These photos were taken last night about 5:00pm. No Tanglewood, just regular traffic pattern. It gets busier every year. 

This important intersection for the town of Lenox, an intersection that includes access to the parking lot for the Lenox Police Department, is already under significant stress. Do we really want to add hundreds of cars more per day into these pictures? That would indeed be a monumental mistake.

WE ARE ALREADY AT A TIPPING POINT

WE ARE ALREADY AT A TIPPING POINT

LET'S NOT MAKE IT WORSE!

LET’S NOT MAKE IT WORSE!

A Neighborhood In Danger

COMMERCIAL TRAFFIC PROHIBITED: MEGA-RESORT PERMITTED?COMMERCIAL TRAFFIC PROHIBITED: MEGA-RESORT PERMITTED?

“Every man holds his property subject to the general right of the community to regulate its use to whatever degree the public welfare may require.” – Theodore Roosevelt

A Denver-based real estate corporation named Amstar (aka Green Tea LLC, Travaasa Resorts or Front Yard LLC) is proposing to transform the Elm Court Estate into a major commercial resort with 112 rooms, a sixty-seat public restaurant and a 15,500 square foot spa that will also be open to the public. Together with the enormous four-story hotel Annex, this additional building complex more than doubles the square footage of an already very large existing mansion (one of many tramplings upon the Stockbridge zoning by-law), bringing the total square footage to over 115,000 square feet!

The Old Stockbridge Road Neighborhood Association strongly opposes this huge project in our quiet residential neighborhood, and urges the Lenox Board of Selectmen to reject Amstar’s application for a special permit, since Stockbridge made a mockery of their own public hearing. Please note that everyone who lives in the neighborhood – full-time or part-time, year-round or seasonally, as an owner or as a tenant, in Stockbridge or Lenox – has the right to oppose this Special Permit.

EC

THE AMSTAR RESORT WOULD DOUBLE THE SIZE OF THIS MASSIVE EDIFACE WHILE DESTROYING THE CHARACTER OF THE EXISTING NEIGHBORHOOD

FREQUENTLY ASKED QUESTIONS

Why do you oppose this proposal?

We believe that a project of this scale, essentially the same size as the Cranwell Resort on Route 7, will make a very substantial and negative impact on our quiet residential neighborhood. The Amstar proposal represents one of the largest expansions of commercial use ever proposed in Berkshire County — on a narrow, hilly road, in a family-oriented established neighborhood. Bad for the Berkshires, bad for the two towns, and of course bad for the neighborhood. We also oppose the unwillingness of the applicant to share information critical to evaluating the public interest, and their repeated “bait & switch” changes in the definition of what they intend to do.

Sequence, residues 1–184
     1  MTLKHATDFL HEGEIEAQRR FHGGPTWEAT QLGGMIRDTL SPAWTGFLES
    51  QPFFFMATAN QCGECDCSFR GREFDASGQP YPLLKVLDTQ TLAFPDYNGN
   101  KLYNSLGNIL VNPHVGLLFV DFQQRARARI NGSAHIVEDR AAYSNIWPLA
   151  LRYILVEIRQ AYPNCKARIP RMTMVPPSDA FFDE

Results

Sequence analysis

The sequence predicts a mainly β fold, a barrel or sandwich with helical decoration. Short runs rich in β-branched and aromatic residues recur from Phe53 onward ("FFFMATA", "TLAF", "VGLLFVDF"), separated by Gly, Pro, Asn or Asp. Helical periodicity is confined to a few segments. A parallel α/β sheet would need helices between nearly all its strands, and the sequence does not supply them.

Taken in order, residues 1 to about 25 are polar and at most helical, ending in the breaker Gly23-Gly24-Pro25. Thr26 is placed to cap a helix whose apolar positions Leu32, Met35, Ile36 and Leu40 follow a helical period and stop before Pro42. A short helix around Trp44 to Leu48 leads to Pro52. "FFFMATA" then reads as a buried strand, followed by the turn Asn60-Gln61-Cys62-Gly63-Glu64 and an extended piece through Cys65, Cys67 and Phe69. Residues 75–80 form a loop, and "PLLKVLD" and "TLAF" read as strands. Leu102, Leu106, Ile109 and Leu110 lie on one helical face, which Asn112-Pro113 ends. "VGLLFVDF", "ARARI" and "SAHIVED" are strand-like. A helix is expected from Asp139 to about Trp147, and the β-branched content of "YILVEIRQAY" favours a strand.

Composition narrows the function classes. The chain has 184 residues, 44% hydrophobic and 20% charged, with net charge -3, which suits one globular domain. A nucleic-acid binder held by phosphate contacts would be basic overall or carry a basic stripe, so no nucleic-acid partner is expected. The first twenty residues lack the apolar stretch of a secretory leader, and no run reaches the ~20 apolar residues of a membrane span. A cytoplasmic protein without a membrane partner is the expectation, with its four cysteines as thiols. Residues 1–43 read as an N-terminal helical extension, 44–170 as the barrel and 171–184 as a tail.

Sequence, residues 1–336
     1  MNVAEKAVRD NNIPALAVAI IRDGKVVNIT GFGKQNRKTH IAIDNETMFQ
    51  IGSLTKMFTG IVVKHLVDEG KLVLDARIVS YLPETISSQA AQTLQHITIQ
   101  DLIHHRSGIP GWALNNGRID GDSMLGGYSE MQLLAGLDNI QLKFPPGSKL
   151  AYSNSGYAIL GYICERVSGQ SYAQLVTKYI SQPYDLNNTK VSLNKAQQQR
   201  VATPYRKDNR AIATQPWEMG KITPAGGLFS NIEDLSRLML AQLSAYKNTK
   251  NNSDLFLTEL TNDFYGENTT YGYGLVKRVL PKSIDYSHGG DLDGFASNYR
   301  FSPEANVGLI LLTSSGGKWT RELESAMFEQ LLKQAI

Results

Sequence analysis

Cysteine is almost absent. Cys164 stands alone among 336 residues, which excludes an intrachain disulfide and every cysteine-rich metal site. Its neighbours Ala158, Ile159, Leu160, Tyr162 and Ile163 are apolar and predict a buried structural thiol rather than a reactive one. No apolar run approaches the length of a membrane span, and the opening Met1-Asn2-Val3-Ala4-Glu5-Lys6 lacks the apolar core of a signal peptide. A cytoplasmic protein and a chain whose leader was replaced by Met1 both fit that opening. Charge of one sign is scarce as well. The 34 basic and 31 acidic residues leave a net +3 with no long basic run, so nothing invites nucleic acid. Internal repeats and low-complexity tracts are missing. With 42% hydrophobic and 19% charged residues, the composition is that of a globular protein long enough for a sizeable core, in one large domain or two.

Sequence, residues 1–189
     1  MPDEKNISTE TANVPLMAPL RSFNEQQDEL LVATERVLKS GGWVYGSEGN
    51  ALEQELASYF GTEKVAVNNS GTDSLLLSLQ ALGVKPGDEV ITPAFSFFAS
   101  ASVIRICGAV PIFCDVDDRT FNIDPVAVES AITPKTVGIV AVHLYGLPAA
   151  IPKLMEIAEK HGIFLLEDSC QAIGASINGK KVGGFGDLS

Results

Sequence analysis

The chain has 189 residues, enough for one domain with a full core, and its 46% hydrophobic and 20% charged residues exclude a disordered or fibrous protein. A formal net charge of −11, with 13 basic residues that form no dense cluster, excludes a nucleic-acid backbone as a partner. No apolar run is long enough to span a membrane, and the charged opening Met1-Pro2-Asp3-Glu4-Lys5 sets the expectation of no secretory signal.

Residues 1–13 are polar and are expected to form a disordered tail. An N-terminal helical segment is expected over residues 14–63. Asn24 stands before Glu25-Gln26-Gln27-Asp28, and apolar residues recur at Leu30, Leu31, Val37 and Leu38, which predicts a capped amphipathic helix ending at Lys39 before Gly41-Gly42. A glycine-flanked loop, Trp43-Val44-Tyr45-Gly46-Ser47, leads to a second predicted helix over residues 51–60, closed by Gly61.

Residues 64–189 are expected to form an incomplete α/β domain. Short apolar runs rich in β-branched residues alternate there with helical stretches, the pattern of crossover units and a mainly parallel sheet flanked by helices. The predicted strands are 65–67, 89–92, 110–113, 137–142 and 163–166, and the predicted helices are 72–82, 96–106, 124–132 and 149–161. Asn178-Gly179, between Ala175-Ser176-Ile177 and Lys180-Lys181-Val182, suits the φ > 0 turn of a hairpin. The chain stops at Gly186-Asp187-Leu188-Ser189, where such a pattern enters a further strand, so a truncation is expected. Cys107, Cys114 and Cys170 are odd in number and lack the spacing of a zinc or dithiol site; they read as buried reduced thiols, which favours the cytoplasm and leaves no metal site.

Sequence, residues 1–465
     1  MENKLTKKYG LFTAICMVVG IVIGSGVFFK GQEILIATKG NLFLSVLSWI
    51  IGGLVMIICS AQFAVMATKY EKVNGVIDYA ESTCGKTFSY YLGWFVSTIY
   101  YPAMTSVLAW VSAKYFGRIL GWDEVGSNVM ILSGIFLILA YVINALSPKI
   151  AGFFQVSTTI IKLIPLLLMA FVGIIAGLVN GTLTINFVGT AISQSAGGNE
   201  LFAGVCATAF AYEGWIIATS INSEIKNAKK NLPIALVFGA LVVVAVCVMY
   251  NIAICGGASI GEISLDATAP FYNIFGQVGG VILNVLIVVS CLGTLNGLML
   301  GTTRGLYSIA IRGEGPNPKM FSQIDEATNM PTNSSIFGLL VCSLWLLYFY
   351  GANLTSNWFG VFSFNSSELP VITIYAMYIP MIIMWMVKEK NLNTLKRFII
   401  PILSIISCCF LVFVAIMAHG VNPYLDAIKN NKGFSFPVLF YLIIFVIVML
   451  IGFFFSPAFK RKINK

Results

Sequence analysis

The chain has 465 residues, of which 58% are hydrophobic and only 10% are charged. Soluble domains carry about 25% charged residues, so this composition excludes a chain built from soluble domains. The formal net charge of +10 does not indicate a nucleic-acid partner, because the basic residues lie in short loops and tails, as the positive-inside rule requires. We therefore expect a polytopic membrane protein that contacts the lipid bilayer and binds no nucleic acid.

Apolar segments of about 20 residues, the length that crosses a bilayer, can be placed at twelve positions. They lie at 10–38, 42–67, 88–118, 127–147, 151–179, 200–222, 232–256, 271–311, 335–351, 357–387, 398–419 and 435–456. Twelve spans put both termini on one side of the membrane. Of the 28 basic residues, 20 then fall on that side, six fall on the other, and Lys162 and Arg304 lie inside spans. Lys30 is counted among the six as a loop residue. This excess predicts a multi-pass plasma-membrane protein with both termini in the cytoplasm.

But hasn’t Amstar presented a traffic study that shows very little impact?

First, this sort of purely quantitative study, paid for by the applicant, is not appropriate for assessing changes in quality of life and in the residential character of our neighborhood.  Second, Old Stockbridge Road is not Route 7 or 7a. We are a narrow, hilly road with many houses quite close to the street. That means that even relatively small numbers of cars and trucks will have a very significant impact on our right to enjoy our own property in peace and quiet, in our residential zone.

exclusion

Why should we object since the Annex as proposed won’t be visible from Old Stockbridge Road?

That remains to be seen.  But we will definitely see hundreds and hundreds of guest and employee cars as well as delivery trucks and day visitors going in and out of Elm Court day and night.  During the day we’ll see and hear guests using the property.  At night we’ll see lights from 112 guest-rooms and music and noise from parties, banquets and weddings, together with endless headlights from cars arriving and departing Elm Court. Permitting a public restaurant and spa also sets a dangerous precedent, allowing more and more commercial enterprises on our scenic road, and others like it.

Yes, but if this does not go forward, won’t Elm Court become a ruin?

No. Their argument that we must accept this out-of-scale proposal or Elm Court will revert to how it was in 1999 is a scare tactic, and is absolutely false. There are many viable options for the sustainable use of the property that have not been explored, options that will be in keeping with the rest of our neighborhood.  In fact, we do support the preservation of the original mansion but not with a huge commercial Annex, which nearly doubles its size.  To argue that the only way to “save Elm Court” is to destroy the neighborhood is utter nonsense. The neighborhood is wide open to reasonable proposals; this huge mega-resort is not reasonable. We believe it is also illegal.

What do you mean by that?

According to the Bylaws, a special permit can only be approved if certain conditions are met, both within the general zoning bylaws, and within the special bylaw governing the former Berkshire “cottages”.  After consultation with leading land use experts and attorneys, we do not believe these conditions have been met. The bylaws are there to protect the community from inappropriate development schemes, such as the one proposed by Amstar. We will insist that the law be upheld.